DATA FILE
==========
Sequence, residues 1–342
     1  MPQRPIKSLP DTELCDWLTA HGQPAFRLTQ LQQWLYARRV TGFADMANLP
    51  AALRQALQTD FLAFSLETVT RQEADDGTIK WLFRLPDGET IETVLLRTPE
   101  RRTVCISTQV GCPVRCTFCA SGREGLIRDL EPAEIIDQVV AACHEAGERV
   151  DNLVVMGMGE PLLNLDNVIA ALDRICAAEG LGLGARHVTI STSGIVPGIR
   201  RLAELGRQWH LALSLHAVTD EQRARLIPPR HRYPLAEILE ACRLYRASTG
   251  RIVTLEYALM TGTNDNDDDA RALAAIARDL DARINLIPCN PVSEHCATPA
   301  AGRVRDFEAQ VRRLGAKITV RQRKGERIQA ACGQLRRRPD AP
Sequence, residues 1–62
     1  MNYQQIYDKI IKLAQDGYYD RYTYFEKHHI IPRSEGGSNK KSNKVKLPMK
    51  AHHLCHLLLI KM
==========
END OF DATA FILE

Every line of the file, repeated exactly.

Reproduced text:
Sequence, residues 1–342
     1  MPQRPIKSLP DTELCDWLTA HGQPAFRLTQ LQQWLYARRV TGFADMANLP
    51  AALRQALQTD FLAFSLETVT RQEADDGTIK WLFRLPDGET IETVLLRTPE
   101  RRTVCISTQV GCPVRCTFCA SGREGLIRDL EPAEIIDQVV AACHEAGERV
   151  DNLVVMGMGE PLLNLDNVIA ALDRICAAEG LGLGARHVTI STSGIVPGIR
   201  RLAELGRQWH LALSLHAVTD EQRARLIPPR HRYPLAEILE ACRLYRASTG
   251  RIVTLEYALM TGTNDNDDDA RALAAIARDL DARINLIPCN PVSEHCATPA
   301  AGRVRDFEAQ VRRLGAKITV RQRKGERIQA ACGQLRRRPD AP
Sequence, residues 1–62
     1  MNYQQIYDKI IKLAQDGYYD RYTYFEKHHI IPRSEGGSNK KSNKVKLPMK
    51  AHHLCHLLLI KM